Skip to main content

Witches' Cradle

Witches' Cradle

During the witchcraft persecutions in Europe, inquisitors were said to have sometimes put an accused witch in a bag, which was then strung up over the limb of a tree and set swinging. When witches learned about this punishment they experimented with it themselves and found that the sensory deprivation or confusion of senses it caused induced hallucinatory experiences. A similar technique has long been used by sha-mans and dervishes and is sometimes known as "dervish dangling." It involves being suspended by a rope tied around the waist.

Modern researchers have followed up on this insight and developed, among other devices, the ASCID (Altered States of Consciousness Induction Device). The ASCID was devised by Robert Masters and Jean Houston of the Foundation for Mind Research. This technological-age witches' cradle is a metal swing in which the subject stands while blindfolded and wearing earplugs. The motion of the swing exaggerates the slightest movement of the occupant. Profoundly altered states of consciousness involving hallucinatory visions and sensations often take place within 20 minutes.

Cite this article
Pick a style below, and copy the text for your bibliography.

  • MLA
  • Chicago
  • APA

"Witches' Cradle." Encyclopedia of Occultism and Parapsychology. . 23 Feb. 2019 <>.

"Witches' Cradle." Encyclopedia of Occultism and Parapsychology. . (February 23, 2019).

"Witches' Cradle." Encyclopedia of Occultism and Parapsychology. . Retrieved February 23, 2019 from

Learn more about citation styles

Citation styles gives you the ability to cite reference entries and articles according to common styles from the Modern Language Association (MLA), The Chicago Manual of Style, and the American Psychological Association (APA).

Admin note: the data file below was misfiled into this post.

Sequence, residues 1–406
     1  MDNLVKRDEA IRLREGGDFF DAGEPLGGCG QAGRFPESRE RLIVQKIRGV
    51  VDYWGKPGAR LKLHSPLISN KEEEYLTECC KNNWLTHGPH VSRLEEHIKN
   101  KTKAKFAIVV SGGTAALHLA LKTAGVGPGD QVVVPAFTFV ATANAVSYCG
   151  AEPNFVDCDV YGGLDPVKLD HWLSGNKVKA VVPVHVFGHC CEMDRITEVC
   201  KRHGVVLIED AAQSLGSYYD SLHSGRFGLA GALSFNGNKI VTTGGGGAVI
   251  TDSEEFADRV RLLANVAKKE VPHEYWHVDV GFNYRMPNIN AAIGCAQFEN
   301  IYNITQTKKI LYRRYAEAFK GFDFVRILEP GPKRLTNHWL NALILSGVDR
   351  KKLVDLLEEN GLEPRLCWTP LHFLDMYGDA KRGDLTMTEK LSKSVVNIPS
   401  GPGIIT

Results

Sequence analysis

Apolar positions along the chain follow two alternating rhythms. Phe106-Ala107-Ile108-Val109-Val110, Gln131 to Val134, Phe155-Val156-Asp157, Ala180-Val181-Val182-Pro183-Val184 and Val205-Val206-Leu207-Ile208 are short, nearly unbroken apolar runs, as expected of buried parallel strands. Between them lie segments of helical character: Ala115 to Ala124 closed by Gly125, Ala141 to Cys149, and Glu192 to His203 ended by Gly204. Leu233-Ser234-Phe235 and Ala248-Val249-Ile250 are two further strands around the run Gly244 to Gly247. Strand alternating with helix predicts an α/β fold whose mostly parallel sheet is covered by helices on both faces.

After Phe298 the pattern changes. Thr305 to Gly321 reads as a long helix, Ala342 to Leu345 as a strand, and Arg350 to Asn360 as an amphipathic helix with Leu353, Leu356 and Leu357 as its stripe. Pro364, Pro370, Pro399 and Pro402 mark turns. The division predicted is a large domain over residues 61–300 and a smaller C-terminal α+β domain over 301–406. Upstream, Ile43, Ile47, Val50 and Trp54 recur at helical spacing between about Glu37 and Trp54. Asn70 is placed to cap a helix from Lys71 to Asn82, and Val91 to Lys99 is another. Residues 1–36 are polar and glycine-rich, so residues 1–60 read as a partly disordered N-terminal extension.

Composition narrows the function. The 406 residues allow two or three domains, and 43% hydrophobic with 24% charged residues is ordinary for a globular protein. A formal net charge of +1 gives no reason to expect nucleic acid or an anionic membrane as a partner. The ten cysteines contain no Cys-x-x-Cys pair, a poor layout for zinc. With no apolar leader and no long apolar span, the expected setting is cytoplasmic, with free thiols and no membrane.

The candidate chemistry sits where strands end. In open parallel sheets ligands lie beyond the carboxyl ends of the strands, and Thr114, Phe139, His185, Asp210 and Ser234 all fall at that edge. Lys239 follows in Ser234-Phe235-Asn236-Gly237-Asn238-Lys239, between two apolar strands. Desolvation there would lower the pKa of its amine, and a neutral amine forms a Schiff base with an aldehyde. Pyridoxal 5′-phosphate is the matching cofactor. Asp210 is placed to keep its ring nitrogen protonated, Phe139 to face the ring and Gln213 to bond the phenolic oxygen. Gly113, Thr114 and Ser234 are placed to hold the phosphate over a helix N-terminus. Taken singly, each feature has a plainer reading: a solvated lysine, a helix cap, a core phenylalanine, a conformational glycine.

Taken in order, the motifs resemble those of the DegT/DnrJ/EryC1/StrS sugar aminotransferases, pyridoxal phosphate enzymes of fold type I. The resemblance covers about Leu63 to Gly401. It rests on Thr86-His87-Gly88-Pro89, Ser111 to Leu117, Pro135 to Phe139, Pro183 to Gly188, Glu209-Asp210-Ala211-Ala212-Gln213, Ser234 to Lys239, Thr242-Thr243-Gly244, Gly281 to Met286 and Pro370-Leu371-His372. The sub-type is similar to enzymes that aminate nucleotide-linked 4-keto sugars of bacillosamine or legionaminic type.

Within the “Cite this article” tool, pick a style to see how all available information looks when formatted according to that style. Then, copy and paste the text into your bibliography or works cited list.

Because each style has its own formatting nuances that evolve over time and not all information is available for every reference entry or article, cannot guarantee each citation it generates. Therefore, it’s best to use citations as a starting point before checking the style against your school or publication’s requirements and the most-recent information available at these sites:

Modern Language Association

The Chicago Manual of Style

American Psychological Association

  • Most online reference entries and articles do not have page numbers. Therefore, that information is unavailable for most content. However, the date of retrieval is often important. Refer to each style’s convention regarding the best way to format page numbers and retrieval dates.
  • In addition to the MLA, Chicago, and APA styles, your school, university, publication, or institution may have its own requirements for citations. Therefore, be sure to refer to those guidelines when editing your bibliography or works cited list.